As with science, Cahill doesn't rush Ian, his central character, a genetic researcher focused on the unique signature of each eye. He and his new lab assistant Karen attempt to manipulate DNA to construct the genesis of an eye giving previously blind worms sight. Meantime, Ian becomes intrigued by and, soon, enamored of an elusive woman named Sofi whose eyes captivate him. Ian has hundreds of photographs of eyes and contributes to a databank of scanned images.
Complications and tragedy intrude as the plot develops, jumping back in time and then forward again. Cahill establishes an appropriately dreamlike aura as he edits montages of events, effectively suggesting more than he shows. Cinematographer Markus Förderer uses a soft focus in many scenes to effect this ambiance, as he relies heavily on close-ups. Often without any added sound, the concentration on the characters and their interactions take center stage. When industrial sound is used, it's particularly effective.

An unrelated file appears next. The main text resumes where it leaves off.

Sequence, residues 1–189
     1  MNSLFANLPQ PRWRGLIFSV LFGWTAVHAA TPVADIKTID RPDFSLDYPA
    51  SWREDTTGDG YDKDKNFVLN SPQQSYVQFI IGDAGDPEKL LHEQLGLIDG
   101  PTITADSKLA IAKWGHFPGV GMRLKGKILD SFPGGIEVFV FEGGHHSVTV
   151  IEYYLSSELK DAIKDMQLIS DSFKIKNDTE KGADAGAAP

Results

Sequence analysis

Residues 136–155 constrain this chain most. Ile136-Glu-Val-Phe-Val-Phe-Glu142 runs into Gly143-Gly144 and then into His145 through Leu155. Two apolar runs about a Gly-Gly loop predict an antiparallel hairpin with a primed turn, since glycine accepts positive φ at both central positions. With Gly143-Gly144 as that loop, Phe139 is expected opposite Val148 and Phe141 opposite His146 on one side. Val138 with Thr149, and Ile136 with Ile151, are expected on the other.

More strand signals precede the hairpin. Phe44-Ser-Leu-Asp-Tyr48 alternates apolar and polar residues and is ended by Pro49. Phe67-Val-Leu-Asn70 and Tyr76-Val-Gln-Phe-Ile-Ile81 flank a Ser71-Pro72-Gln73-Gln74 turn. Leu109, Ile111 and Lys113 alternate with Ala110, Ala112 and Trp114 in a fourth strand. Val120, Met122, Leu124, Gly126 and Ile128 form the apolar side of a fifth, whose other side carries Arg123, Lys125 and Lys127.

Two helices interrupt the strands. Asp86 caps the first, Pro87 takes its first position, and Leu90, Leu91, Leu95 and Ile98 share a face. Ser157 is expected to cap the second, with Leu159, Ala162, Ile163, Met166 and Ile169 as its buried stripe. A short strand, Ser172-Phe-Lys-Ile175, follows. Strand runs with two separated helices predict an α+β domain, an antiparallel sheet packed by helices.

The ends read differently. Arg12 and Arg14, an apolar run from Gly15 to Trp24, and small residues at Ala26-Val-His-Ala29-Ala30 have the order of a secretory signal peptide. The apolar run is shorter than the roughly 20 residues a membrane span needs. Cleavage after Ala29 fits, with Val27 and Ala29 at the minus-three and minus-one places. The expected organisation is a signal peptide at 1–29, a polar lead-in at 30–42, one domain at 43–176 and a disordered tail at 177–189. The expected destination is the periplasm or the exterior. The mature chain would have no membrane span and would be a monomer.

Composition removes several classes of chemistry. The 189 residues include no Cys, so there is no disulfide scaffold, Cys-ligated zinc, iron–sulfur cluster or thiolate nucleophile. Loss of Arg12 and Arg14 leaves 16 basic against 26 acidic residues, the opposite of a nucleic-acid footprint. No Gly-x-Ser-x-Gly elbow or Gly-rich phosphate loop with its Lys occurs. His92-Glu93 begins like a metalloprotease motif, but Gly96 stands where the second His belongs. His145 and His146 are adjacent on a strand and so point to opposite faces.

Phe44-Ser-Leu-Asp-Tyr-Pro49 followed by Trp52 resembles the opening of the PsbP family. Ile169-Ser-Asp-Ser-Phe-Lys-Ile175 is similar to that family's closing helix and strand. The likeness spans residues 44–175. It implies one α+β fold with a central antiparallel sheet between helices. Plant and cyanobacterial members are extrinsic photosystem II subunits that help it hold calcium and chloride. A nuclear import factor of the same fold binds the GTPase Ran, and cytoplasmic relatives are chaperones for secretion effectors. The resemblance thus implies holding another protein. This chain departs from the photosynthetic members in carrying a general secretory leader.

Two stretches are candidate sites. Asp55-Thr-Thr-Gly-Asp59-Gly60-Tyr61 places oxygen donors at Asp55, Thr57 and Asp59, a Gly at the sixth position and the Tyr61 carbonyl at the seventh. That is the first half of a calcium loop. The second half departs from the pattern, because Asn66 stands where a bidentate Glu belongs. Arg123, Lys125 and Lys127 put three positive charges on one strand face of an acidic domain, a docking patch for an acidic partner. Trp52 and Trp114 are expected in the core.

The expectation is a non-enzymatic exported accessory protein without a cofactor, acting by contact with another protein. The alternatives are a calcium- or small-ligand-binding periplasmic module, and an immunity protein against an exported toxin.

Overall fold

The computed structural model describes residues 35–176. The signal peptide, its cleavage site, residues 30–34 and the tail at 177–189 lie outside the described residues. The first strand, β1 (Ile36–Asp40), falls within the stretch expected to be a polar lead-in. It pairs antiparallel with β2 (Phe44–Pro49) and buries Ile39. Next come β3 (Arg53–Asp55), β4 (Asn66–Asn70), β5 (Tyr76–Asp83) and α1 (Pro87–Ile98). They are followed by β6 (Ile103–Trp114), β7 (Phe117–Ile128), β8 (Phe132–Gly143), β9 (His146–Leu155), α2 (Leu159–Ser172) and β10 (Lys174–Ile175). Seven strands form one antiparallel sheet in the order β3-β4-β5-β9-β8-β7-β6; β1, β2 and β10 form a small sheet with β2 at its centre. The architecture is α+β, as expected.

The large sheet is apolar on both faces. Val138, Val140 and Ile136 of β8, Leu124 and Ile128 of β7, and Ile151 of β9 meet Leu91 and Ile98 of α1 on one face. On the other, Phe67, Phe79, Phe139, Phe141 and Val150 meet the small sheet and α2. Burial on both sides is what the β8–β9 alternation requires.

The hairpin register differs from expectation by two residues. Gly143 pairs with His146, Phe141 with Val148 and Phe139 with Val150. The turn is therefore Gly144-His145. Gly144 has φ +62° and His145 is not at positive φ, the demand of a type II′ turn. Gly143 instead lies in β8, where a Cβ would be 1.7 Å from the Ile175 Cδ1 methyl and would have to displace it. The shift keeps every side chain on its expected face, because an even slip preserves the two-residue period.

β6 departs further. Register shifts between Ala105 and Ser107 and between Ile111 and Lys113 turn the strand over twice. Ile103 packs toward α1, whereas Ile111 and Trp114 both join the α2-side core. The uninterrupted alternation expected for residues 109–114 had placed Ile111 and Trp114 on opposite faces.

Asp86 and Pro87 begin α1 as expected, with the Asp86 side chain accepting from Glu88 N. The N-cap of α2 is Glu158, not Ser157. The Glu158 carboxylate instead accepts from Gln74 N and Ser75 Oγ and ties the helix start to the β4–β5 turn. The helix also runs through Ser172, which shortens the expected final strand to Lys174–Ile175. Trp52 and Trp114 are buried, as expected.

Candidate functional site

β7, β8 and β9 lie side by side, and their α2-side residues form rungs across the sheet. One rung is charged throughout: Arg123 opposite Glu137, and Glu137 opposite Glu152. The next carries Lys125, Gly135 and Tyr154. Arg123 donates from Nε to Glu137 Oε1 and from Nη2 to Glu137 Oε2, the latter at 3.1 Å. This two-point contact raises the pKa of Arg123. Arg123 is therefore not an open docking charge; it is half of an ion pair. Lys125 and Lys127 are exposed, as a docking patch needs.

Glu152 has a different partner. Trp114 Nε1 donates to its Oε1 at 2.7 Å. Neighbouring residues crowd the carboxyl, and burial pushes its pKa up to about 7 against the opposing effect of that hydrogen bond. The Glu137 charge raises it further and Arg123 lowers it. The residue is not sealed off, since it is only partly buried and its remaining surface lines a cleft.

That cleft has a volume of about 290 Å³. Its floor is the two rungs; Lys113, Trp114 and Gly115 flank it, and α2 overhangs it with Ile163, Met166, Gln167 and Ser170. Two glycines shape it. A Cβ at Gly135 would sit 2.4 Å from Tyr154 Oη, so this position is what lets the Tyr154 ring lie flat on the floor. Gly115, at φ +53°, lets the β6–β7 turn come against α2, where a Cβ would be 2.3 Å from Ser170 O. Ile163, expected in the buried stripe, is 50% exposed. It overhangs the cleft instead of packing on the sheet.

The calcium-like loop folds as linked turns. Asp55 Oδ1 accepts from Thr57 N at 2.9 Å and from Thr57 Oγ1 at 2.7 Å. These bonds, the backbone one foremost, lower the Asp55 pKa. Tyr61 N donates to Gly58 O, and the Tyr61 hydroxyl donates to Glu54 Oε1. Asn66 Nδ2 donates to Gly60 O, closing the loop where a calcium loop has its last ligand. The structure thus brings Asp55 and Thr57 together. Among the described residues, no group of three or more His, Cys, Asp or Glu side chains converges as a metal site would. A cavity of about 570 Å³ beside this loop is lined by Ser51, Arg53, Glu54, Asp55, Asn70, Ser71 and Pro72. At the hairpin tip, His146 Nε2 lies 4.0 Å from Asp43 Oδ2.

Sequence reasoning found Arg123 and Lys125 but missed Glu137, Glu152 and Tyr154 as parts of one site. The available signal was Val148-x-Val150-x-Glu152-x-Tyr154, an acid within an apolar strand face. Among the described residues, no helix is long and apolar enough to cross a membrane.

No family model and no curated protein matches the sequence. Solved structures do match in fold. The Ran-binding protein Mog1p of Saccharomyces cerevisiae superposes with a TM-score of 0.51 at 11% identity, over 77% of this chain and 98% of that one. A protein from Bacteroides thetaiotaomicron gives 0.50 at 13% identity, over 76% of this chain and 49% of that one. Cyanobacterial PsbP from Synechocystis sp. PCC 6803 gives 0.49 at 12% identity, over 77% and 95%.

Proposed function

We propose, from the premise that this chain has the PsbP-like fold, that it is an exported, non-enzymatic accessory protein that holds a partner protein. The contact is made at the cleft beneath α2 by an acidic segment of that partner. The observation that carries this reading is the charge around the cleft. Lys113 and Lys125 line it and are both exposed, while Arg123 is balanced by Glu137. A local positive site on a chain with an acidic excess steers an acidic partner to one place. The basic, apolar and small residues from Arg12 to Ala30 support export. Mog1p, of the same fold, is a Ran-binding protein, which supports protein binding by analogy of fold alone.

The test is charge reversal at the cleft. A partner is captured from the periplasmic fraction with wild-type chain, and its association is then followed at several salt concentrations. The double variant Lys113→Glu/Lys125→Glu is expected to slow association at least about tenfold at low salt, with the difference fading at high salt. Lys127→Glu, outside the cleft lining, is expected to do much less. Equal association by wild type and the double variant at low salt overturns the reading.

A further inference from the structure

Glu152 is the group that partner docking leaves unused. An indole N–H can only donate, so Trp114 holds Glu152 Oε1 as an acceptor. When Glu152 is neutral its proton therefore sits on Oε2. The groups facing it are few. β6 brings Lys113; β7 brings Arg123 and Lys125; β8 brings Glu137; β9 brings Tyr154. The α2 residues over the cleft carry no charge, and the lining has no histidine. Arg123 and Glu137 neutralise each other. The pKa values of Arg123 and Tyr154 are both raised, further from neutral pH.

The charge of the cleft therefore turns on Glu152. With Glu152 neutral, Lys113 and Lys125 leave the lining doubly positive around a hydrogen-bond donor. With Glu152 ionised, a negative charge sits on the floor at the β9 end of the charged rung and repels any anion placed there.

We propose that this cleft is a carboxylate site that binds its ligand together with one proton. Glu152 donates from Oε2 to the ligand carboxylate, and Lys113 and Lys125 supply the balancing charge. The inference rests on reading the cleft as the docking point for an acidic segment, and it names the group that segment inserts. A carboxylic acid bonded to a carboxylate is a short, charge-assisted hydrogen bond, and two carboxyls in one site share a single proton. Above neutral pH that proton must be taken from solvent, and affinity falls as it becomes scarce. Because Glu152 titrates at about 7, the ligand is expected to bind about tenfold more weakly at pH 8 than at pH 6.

As Ian, Michael Pitt delivers a strong, reserved performance. By contrast, Sofi, played by Astrid Bergès-Frisbey, conveys a lot of energy. Brit Marling as Karen, the genetics lab assistant, is the most surprising and atypical for several reasons. She models an analytical, perceptive, and intelligent approach to all the complications. Not only is it quite unusual for Karen to be a bright, supportive scientist but also she never collapses into the emotional register usually reserved for women. It's as refreshing as it is rare.
Curiously and probably not coincidentally, several contemporary films and television programs consider, in various ways, the issue of science versus some spiritual or inexplicable realm. And, as often happens, the resolution is unsatisfactory as it is in "I Origins." But that's a minor quibble with an engaging film.
At a Landmark Theatre.